Ward attended Columbia University, graduating in 1926 with a major in fine arts. As so often happens, he left university not only with a degree but with a wife. May McNeer, a fellow student, and Lynd Ward married the week following their graduation. McNeer became a prolific author of some dozens of children's books, twenty-seven of which were illustrated by Lynd Ward. Their marriage and collaborations lasted five decades until his passing in 1985. Following graduation and marriage, the Wards moved to Germany for a year of study at the National Academy of Graphic Arts in Leipzig.

The late twenties were a period of turbulent change in the world at large and the art world in particular. The year the Wards were in Germany in 1926-27 was an interlude of some peace and prosperity; the period was marked by the disastrous hyperinflation at the beginning of the decade, and the increasing stridency and political instability at the end of the decade. During this delicate bubble period there was an effervescence of artistic, cultural and scientific development which would have permeated even to the staid town of Leipzig.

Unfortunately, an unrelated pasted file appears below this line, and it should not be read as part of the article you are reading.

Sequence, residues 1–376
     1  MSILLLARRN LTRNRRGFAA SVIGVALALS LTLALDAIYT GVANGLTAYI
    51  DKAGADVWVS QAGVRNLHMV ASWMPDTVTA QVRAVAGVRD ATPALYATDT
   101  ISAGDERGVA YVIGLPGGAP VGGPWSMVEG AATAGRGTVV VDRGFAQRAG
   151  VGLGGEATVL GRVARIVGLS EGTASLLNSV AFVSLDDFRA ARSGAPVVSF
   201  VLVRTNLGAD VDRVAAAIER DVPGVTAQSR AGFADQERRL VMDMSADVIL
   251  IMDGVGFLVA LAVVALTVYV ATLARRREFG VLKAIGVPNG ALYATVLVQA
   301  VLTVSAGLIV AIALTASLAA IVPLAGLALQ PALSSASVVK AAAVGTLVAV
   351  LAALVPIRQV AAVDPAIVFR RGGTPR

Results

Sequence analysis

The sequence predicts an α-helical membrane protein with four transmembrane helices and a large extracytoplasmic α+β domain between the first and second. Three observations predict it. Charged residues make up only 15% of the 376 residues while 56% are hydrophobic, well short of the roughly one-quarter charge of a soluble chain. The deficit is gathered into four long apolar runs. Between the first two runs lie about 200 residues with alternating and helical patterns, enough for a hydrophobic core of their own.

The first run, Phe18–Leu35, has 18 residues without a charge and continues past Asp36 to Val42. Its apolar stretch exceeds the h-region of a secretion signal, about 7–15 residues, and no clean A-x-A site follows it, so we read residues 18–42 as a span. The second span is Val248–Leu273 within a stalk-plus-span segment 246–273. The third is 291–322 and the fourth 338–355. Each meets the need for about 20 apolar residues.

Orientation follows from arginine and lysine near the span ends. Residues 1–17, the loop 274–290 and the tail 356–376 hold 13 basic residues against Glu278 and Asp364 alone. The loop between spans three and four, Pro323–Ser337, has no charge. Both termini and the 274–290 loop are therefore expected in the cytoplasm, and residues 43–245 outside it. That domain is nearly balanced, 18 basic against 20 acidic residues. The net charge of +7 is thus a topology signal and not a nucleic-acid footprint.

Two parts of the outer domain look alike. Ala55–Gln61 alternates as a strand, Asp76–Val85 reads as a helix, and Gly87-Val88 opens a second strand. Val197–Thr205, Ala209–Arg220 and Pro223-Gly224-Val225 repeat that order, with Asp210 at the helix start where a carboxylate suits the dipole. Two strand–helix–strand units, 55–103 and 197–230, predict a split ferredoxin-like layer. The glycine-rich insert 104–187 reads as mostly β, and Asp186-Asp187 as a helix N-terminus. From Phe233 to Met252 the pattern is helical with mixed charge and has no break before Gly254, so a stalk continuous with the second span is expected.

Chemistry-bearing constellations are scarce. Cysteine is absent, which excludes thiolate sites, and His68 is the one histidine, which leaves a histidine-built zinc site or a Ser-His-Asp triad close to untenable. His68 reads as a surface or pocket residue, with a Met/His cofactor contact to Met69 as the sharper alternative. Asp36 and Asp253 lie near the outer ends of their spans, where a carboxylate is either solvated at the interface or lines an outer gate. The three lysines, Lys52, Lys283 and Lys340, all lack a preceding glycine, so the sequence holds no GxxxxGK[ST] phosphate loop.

It was in Leipzig that he was first exposed to the ideas and work of Fran Masereel and Otto Nuckel, a Belgian and a German artist respectively, exploring the frontiers of communication and testing the ideas of wordless novels for story telling. For a talented artist at the beginning of a career, a new marriage (and with a return ticket to the US) it must have been an exciting year.